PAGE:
June seems so far away. I have been slack, and it’s almost time to publish a July musings too. I am too tired to expound on meta-topics here today, despite having a lot of ideas. Such writing tasks are arduous; monumental challenges of translation from idea and concept to a string of words and attractive formatting.
Sometimes we have to bite the bullet. Sometimes we have to move
without with less consideration, and that produces some worries. I never want to appeal to hypocrisy, and I will firmly put my foot down and say that I am in no way a hypocrite, but theory and practice can risk becoming separate and disjointed. In theory, I am an Idealist. In practice, I am every bit a Realist as everyone else. That’s ok.
Perfume is a little different. Selling a perfume is not. The things I say on Olfactics, especially in consideration of my stylistic shift, are hardcore (self-imposed) tenets. Take my treatise on the Soft Oriental (here) – the gravitas of this thinking is maintained in every instance of personal fragrance wearing (we will see what non-personal fragrance wearing is in a moment). I do indeed care about how Opium is more Chinoiserie than Coco. I do indeed care about the reliability and validity of fragrant categorisation. And of course I want to shake established systems and imbue workable doubt onto things that are generally seen as unequivocally true.
Composition II in Red, Blue, and Yellow 1930, Piet Mondrian
Is this tiring? Painfully. Have I made it less tiring through the few years of running this blog? Indeed. The compositions I wear regularly are rather limited – readers should know this. Despite owning a majority of the Serge Lutens collection, I (unsurprisingly?) wear a select few in a recreational setting. Which are they? Daim Blonde, La Fille de Berlin, Sarrasins, Fumerie Turque, Muscs Khoublai Khan, La Myrrh. Return to my first premise contained within the second paragraph: you can’t yell at me, for that would fall under the Tu quoque fallacy – I somewhat care about longevity, social situation (I am avoiding the word context because I’ve intellectualised and uniquely operationalised that term before), and all the rest. That doesn’t mean I love Ambre Sultan, Tubereuse Criminelle, Miel de Bois, and Bois de Violette any less. I just find that the others sparkle more when I am choosing what to wear every morning.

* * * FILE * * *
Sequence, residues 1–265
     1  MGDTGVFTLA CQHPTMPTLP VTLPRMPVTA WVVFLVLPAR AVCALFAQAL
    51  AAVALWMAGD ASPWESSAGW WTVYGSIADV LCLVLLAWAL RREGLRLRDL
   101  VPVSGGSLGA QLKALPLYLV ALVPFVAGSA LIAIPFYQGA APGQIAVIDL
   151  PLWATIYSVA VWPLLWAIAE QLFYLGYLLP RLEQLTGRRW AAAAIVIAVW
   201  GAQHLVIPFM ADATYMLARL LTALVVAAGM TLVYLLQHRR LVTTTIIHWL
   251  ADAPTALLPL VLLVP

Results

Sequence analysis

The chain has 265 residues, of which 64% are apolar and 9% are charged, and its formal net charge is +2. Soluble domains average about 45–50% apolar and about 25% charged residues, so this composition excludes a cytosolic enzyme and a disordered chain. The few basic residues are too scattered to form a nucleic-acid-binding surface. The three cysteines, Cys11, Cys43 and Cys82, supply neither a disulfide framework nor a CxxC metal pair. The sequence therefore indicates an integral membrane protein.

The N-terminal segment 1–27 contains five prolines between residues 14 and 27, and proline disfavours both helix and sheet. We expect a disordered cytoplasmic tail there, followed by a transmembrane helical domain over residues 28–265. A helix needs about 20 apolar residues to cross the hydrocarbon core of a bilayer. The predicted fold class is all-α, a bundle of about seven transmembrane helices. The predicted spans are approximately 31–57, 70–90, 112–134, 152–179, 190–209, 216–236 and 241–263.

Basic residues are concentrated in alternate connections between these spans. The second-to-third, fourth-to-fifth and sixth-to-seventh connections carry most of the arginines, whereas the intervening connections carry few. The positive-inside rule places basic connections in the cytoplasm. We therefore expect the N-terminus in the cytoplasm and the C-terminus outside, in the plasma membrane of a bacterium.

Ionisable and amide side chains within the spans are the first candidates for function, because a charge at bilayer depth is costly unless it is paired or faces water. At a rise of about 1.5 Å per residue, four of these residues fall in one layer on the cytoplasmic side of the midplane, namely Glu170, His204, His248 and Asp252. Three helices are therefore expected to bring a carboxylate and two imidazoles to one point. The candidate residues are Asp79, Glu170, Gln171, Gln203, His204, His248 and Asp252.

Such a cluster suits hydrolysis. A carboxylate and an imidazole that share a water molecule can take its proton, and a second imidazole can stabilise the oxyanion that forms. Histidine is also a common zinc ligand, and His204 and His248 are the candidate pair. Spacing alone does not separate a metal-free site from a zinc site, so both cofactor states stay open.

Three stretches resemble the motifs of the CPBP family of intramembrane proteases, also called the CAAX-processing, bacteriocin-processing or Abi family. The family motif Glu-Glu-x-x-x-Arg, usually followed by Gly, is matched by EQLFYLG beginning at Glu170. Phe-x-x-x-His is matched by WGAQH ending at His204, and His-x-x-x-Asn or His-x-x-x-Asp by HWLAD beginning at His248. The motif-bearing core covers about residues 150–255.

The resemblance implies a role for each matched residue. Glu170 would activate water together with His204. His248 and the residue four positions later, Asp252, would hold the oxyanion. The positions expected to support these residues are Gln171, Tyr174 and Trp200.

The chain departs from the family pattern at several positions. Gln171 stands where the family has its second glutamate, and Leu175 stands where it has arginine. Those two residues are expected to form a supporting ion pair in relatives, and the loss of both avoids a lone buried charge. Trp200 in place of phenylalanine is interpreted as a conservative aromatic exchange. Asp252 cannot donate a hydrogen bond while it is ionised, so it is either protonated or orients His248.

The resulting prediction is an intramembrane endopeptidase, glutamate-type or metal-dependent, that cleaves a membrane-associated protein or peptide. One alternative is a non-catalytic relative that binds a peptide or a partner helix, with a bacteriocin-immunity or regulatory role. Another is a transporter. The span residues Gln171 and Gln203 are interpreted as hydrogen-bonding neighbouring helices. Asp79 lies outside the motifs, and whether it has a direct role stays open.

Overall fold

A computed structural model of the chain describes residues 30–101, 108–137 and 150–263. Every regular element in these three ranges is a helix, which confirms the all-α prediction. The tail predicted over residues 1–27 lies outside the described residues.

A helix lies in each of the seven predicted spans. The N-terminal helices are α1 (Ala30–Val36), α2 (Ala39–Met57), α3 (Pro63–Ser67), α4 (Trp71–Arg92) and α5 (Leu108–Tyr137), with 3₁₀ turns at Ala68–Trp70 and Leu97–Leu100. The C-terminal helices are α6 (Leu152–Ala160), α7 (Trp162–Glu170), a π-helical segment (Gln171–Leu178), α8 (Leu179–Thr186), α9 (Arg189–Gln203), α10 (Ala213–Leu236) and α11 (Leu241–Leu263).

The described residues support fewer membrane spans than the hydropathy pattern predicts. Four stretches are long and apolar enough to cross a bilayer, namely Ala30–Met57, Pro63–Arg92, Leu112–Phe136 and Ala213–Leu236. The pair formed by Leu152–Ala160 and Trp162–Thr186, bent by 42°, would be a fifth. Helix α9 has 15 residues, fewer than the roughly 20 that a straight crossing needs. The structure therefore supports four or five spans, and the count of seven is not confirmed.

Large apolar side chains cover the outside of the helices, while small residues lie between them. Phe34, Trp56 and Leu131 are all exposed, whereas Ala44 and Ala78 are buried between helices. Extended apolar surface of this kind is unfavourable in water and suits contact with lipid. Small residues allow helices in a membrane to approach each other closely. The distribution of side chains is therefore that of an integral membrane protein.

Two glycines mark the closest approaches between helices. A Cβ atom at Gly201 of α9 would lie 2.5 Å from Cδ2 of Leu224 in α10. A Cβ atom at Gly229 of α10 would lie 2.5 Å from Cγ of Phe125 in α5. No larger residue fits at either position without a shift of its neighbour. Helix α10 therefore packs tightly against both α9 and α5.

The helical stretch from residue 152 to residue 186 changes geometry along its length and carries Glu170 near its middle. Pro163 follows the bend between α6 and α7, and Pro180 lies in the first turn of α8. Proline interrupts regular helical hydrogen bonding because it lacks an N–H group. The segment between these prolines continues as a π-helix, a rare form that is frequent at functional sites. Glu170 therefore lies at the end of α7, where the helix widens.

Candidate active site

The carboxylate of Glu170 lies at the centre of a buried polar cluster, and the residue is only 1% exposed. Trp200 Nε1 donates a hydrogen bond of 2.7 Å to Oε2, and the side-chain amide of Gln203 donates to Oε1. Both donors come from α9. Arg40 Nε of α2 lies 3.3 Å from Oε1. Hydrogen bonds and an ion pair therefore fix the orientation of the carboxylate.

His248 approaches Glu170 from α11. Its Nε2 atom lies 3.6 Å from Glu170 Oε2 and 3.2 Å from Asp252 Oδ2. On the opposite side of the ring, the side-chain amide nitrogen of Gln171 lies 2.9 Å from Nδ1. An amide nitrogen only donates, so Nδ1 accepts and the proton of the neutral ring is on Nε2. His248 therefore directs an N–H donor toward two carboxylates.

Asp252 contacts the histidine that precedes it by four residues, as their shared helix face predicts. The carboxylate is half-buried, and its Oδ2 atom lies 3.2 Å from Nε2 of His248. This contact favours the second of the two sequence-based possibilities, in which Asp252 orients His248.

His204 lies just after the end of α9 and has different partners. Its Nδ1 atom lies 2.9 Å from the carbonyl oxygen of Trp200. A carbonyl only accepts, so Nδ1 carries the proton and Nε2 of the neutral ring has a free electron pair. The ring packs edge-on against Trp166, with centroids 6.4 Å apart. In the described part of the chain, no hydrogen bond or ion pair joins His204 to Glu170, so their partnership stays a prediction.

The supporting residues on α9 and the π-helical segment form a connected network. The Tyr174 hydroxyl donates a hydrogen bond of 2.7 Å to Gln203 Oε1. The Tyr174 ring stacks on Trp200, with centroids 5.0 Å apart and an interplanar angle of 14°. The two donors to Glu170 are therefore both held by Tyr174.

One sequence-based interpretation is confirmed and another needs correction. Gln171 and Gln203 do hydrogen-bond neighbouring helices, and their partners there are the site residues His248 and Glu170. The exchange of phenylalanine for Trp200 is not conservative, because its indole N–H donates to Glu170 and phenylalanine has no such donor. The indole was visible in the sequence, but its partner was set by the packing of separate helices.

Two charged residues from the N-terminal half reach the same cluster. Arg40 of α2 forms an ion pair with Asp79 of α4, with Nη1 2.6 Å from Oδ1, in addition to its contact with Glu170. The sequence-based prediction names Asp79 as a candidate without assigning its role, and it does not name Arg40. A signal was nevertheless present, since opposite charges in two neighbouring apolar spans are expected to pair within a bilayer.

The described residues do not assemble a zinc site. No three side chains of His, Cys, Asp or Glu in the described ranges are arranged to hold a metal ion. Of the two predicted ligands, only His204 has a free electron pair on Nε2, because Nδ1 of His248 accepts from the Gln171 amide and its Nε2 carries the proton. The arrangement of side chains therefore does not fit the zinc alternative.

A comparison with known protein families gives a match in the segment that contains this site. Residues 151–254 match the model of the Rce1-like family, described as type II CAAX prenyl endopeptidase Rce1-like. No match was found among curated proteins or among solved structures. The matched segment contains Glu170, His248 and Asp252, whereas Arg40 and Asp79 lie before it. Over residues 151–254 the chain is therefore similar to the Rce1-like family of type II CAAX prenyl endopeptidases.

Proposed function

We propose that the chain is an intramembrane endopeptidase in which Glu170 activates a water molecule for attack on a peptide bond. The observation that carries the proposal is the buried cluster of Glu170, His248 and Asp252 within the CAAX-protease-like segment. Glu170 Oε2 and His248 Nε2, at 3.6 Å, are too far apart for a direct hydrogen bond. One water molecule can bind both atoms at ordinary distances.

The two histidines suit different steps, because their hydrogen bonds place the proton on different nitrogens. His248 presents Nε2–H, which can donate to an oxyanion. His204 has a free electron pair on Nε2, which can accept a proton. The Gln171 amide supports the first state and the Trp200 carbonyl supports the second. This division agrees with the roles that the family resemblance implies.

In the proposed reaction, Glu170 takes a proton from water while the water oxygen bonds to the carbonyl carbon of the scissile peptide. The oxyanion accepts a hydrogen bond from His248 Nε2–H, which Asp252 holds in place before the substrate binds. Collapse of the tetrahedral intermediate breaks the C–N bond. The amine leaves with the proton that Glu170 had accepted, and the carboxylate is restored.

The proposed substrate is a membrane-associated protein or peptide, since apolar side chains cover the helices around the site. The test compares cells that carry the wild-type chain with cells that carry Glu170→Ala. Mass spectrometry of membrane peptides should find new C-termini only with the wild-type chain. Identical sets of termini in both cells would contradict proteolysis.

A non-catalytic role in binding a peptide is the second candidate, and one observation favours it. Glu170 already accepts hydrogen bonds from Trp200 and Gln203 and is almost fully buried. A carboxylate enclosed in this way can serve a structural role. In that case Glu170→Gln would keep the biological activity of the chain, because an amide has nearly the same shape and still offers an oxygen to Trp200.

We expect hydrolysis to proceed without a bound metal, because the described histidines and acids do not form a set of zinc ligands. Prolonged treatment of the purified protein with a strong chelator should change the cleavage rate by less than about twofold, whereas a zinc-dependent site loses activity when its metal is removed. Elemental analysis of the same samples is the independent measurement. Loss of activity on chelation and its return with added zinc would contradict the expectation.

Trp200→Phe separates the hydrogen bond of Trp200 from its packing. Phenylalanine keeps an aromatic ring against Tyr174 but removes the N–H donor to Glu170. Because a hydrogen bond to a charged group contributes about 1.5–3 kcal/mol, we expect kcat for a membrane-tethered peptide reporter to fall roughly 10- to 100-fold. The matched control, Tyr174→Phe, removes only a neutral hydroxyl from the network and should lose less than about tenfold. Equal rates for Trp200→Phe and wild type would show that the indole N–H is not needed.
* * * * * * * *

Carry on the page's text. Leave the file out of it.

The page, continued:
I know No. 18 well. Cuir d’Ange. Une Fleur de Cassie … You’ve seen my lists before. How does a new perfume elevate from foreign to understood?
Take Miel de Bois. I wore that in a public setting yesterday and was so distracted by it that I felt that I had wasted that wearing time, when I could have worn something familiar to me. I need to sit on my chair at my bedroom desk, ideally with some soft tones of music in the background, place some Miel on me and then some more on an arrow-shaped blotter, fold the saturated end up and examine it throughout the day. This is how I get to know a fragrance.
At the moment, I am discovering the joys of Robert Piguet works. I am listening to Visa, and it is awfully pretty. It might be the first thing I buy in 2017. It is the Soft Oriental I am looking for!
I’ve been doing the same discovery process with Penhaligon’s latest fragrance Savoy Steam for a fortnight now. I need to consider it in two minds: for my work, and for myself. In the early stages of my fragrance curatorship, the bicameral mind was dishonestly unicameral. As a curator, I have to delineate well-founded principles of internal taste in reference to the external tastes of customers. Not easy. Fashion appears to be more mutable – if camo is in, people will buy it. If rose is in, well, that’s cool, but it still needs to be scanned through the faculties of taste. I appreciate the glaring issue with this comparison: the two are not totally incommensurable, and individual taste will still limit the consumption of fashionable trends, but my point has been made.
Photo by Penhaligon’s
What of Savoy Steam?
For myself: I find it banal. A steamy cardamom with a strong herbal curvature of rosemary and eucalyptus. This is anchored by a subtle tone of peppery rose and geranium, but in the end, it is flat and irritatingly stiff – almost starchy. This smells like the beginnings of a sketch of top notes moving insincerely into the heart.
For my work: A tricky position. For the thoughts for myself (which are driven by strong and tenable tenets) are of some influence here, because the internal logic of Savoy Steam must too be considered, and I have been entrusted that my logic is firm. But, so too must external logic be considered. Savoy Steam comes from a popular brand that encapsulates a finesse of masculine grooming, it is expensive, and I could imagine a certain person wearing Savoy Steam. That certain person, however, is of no interest in this curatorial exercise.
Why am I writing about this for June? Simple. Someone told me that my blog wasn’t overly marketable. “Good!” I proclaimed, in passionate retort. There’s enough out there. It’s white noise. I want to cut through it like a Postmodernist (without falling down that rabbit hole). I see the appeal of impressions and recounts, I read them and write them every so often, but I want to do something meaningful! Here we are…